Agag in Wikipedia
(pronounced /ˈeɪɡæɡ/) (Hebrew: אגג ʼĂḡāḡ) was the king of the
Amalekites, mentioned by Balaam in Numbers xxiv.7 in a way
that gives probability to the conjecture that the name was a
standing title of the kings of Amalek. The name or title may
mean "flame" in ancient West Semitic.
Another Amalekite ruler named Agag was taken alive by King
Saul after destroying the Amalekites (I Sam. xv.). His life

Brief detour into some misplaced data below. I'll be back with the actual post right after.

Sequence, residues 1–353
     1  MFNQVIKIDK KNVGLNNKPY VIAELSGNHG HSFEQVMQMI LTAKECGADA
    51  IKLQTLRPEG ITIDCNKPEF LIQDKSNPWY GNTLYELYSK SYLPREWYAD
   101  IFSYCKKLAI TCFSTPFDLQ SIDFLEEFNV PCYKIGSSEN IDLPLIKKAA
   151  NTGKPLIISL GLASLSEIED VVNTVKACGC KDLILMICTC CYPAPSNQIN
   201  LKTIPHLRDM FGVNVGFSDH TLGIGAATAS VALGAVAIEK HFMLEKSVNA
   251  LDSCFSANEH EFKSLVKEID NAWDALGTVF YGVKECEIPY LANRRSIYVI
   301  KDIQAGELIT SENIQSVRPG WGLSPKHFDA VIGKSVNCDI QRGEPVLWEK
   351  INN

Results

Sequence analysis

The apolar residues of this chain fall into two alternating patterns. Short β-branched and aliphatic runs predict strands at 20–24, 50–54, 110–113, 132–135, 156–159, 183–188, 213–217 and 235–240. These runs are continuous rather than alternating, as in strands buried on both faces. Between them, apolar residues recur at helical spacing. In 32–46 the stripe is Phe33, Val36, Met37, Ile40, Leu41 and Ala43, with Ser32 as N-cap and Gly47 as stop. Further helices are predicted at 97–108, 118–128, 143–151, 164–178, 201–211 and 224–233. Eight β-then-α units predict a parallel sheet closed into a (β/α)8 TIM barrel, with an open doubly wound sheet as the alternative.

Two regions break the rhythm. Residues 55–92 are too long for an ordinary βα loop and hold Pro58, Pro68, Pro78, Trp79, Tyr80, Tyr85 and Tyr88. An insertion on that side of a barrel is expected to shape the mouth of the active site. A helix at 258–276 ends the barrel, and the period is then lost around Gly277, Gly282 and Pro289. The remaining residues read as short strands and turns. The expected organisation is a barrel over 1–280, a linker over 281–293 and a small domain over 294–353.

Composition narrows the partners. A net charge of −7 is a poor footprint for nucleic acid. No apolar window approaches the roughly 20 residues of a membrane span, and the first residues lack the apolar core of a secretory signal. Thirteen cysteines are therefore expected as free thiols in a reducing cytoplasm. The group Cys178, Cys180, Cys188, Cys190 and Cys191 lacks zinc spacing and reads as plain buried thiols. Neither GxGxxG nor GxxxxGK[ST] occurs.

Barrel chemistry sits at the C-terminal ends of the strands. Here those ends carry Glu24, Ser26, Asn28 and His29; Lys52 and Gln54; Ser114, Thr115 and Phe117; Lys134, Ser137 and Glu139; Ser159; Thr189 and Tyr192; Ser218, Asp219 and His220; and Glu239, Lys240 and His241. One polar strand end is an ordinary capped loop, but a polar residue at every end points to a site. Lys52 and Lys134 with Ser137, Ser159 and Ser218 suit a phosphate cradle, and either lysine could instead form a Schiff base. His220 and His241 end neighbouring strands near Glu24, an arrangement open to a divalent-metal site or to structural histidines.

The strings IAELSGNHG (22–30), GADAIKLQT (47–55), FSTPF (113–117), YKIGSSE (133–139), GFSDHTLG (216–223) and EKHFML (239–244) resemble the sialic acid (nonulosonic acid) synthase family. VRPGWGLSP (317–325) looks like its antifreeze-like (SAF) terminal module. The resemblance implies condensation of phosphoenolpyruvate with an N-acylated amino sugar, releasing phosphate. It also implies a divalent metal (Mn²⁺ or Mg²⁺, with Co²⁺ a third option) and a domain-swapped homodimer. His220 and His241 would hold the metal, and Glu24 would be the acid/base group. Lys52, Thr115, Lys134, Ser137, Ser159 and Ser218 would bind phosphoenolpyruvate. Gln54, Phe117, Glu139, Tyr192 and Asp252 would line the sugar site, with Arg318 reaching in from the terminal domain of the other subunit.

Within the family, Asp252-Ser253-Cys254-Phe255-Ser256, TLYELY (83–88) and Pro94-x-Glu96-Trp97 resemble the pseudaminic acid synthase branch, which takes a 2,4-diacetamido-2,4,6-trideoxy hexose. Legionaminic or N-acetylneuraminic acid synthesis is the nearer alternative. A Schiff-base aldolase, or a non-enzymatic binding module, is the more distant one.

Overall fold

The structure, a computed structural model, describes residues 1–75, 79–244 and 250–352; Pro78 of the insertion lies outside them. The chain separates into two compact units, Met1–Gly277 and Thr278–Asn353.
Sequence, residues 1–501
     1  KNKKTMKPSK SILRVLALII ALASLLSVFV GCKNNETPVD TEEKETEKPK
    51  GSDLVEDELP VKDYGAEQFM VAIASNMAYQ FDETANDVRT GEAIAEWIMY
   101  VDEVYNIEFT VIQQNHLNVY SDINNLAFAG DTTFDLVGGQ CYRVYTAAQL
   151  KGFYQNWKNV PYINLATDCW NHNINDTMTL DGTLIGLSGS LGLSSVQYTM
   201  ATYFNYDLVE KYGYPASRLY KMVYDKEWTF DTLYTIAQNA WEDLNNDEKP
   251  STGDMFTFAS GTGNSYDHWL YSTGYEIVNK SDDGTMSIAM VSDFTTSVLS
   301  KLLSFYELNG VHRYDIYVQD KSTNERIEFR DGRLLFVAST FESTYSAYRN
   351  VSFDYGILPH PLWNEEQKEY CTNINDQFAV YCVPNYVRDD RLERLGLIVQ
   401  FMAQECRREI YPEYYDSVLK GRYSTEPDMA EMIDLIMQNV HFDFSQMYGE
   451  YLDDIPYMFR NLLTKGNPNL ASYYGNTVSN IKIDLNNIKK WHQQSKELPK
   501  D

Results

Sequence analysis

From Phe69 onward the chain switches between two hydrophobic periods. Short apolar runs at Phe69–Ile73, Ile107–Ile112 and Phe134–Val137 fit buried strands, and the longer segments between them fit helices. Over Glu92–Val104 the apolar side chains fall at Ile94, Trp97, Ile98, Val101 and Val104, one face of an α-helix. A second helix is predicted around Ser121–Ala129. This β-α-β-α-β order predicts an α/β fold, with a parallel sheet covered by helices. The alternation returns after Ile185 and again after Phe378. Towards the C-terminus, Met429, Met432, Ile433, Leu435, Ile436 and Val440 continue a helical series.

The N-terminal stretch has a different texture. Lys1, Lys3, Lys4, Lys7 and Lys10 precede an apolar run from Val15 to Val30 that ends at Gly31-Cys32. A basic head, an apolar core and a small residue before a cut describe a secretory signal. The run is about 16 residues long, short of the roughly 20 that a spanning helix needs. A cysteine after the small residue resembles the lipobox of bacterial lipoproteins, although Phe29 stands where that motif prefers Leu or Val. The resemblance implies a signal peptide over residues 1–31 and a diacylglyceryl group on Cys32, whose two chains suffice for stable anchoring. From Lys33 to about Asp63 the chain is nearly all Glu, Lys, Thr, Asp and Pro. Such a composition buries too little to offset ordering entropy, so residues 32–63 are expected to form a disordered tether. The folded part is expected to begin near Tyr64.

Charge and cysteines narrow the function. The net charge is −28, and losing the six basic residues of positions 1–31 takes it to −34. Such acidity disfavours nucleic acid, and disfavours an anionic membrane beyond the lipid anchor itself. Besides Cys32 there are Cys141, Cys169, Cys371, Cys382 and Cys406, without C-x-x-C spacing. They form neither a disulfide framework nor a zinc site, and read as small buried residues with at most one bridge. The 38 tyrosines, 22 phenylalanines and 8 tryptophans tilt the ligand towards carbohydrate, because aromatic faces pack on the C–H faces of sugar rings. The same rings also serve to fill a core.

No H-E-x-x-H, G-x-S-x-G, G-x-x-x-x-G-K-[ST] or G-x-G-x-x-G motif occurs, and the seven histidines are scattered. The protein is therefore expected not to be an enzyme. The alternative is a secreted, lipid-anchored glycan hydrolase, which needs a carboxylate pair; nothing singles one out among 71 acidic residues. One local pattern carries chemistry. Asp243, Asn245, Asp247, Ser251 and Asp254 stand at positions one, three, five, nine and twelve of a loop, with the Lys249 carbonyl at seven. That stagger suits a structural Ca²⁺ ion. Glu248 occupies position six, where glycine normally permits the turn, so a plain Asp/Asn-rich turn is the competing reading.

was spared by Saul and the Israelites took the best of the
sheep, cattle, fat calves and lambs from the Amalekites.
According to the Bible, the prophet Samuel regarded this
clemency as a defiance of the will of YHWH, which was "to
completely destroy" the Amalekites. Samuel put Agag to death
at Gilgal saying that "[a]s your sword has made women
childless, so will your mother be childless among women." And
so Samuel proceeded to personally cut Agag to pieces.
The story also indicates that this is the last time Samuel and
Saul ever saw each other. As a result of this incident, Samuel
said to Saul that "[y]ou have rejected the word of the Lord,
and the Lord has rejected you as king over Israel."...